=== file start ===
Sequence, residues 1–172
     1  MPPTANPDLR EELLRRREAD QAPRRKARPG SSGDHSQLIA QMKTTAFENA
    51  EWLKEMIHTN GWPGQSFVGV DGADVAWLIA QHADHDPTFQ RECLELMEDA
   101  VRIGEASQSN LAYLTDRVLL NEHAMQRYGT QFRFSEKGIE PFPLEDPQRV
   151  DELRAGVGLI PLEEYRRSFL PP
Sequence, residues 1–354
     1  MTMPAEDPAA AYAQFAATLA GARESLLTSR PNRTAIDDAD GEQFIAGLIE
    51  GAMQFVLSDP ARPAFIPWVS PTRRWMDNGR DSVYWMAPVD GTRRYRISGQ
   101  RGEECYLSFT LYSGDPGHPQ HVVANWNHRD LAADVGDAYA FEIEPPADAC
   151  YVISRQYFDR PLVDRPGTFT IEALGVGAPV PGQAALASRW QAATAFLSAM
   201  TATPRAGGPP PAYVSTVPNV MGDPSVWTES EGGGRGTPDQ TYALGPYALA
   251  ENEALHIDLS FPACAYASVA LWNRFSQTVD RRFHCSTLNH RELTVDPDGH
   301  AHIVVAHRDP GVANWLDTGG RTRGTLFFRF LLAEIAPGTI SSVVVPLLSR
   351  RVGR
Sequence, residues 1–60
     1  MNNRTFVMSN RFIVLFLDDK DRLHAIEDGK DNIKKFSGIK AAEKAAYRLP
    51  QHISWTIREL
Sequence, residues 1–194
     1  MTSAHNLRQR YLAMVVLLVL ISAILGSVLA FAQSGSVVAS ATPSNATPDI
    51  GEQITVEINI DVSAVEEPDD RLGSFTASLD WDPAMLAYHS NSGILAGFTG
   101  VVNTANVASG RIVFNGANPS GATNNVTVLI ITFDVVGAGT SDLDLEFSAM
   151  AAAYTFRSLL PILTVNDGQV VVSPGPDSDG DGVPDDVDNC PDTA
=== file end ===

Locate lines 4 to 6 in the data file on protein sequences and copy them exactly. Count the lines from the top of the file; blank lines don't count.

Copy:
   101  VRIGEASQSN LAYLTDRVLL NEHAMQRYGT QFRFSEKGIE PFPLEDPQRV
   151  DELRAGVGLI PLEEYRRSFL PP
Sequence, residues 1–354